Jakarta attack

Militant's goal: Be ISIS point man in S-E Asia

Muhammad Bahrun Naim is said to be influential not just in Java but also in Sulawesi, where the East Indonesia Mujahidin is based. He has also crossed paths with other high-level Jemaah Islamiah operatives.
Muhammad Bahrun Naim is said to be influential not just in Java but also in Sulawesi, where the East Indonesia Mujahidin is based. He has also crossed paths with other high-level Jemaah Islamiah operatives.

He has been in contact with other Indonesian militants, ordered attacks and sent money

Indonesian Muhammad Bahrun Naim always harboured dreams of being the point man for the Islamic State in Iraq and Syria (ISIS) in South-east Asia.

This could give him either control over the terror group's operations and network in the region, or command of the Katibah Nusantara, a unit of ISIS fighters made up of Indonesians, Malaysians and others from South-east Asia.

Evidence seized from local militants arrested last month revealed that he had been in contact with them, issued orders for attacks and sent money.

These and other revelations about the 32-year-old computer science graduate were revealed to The Straits Times by a source familiar with intelligence matters.

Bahrun Naim has been among the ranks of ISIS' foreign fighters in Raqqa, Syria, since February last year after serving time in an Indonesian prison for the illegal possession of 533 assault rifle bullets.

He is said to be influential not just in Java but also in Sulawesi, where the East Indonesia Mujahidin led by Indonesia's most wanted terrorist, Santoso, is based.

His militant mindset was fortified after he joined local militant group Jamaah Ansharut Tauhid (JAT) in September 2008. This was in the same year JAT was established by Indonesia's firebrand cleric Abu Bakar Bashir after the Jemaah Islamiah (JI) terror group disbanded.

Bahrun has also crossed paths with other high-level JI operatives through Purnama Putra, a friend from university. This included JI bomb-maker Noordin Top, whom Purnama had helped procure wires for detonators and firearms before the 2004 bombing of the Australian Embassy in Jakarta.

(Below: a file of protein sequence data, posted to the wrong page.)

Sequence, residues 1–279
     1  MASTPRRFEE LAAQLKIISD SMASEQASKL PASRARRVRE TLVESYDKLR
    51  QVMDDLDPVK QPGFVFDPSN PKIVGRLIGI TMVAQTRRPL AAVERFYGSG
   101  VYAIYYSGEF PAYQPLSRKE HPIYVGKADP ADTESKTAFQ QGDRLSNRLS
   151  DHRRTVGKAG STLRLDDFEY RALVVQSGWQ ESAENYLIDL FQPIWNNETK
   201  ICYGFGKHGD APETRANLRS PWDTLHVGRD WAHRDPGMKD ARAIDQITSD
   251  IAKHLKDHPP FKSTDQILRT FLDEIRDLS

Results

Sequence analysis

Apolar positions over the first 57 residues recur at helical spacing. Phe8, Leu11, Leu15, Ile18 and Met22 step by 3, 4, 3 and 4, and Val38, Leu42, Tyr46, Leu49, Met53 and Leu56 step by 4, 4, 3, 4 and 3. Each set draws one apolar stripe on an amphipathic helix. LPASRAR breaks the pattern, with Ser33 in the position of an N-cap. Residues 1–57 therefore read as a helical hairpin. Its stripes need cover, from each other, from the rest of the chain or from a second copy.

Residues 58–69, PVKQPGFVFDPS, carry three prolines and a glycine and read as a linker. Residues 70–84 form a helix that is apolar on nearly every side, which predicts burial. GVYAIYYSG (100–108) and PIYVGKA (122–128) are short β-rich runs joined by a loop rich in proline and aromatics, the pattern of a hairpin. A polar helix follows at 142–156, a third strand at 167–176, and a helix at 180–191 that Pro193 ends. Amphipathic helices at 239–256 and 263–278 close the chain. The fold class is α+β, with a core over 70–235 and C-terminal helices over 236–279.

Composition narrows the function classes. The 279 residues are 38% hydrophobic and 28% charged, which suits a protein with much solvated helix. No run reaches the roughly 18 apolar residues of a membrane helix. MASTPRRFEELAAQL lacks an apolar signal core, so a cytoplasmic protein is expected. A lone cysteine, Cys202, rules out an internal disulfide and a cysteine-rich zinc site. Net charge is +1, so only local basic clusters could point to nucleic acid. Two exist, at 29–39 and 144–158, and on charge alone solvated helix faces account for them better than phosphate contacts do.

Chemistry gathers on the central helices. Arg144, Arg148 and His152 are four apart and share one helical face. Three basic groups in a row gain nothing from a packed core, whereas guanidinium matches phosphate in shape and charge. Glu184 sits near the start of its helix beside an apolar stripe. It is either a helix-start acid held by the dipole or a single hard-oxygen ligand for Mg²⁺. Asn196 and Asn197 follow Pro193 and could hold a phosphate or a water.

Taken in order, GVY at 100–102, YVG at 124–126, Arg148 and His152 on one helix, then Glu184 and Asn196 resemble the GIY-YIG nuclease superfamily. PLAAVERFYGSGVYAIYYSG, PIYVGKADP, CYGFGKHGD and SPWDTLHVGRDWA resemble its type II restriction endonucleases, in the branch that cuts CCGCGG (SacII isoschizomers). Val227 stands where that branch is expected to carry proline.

Police intelligence indicates that Bahrun has sponsored at least two plans that originated in the Middle East to mount attacks in Indonesia - but they were foiled by the police.

He also asked a local militant named Ibadurrahman last year to form a terror cell and learn to make bombs and launch attacks.

The cell, consisting of six militants, had plans to strike targets in the city of Solo, including a police station, a church and a Buddhist temple. Ibadurrahman, however, was nabbed by the police, along with two accomplices, before the plan materialised.

From Syria, Bahrun also started a group chat using the Telegram messenger app, which reached some 103 militants across Indonesia.

In September last year, he sent a link to a website containing a manual to assemble bombs to a former schoolmate and a militant, Arif Hidayatullah, via Telegram.

He asked him to launch an attack on, among other high-level targets, Jakarta Governor Basuki Tjahaja Purnama, but the plan was never carried out.

A version of this article appeared in the print edition of The Straits Times on January 16, 2016, with the headline 'Militant's goal: Be ISIS point man in S-E Asia'. Print Edition | Subscribe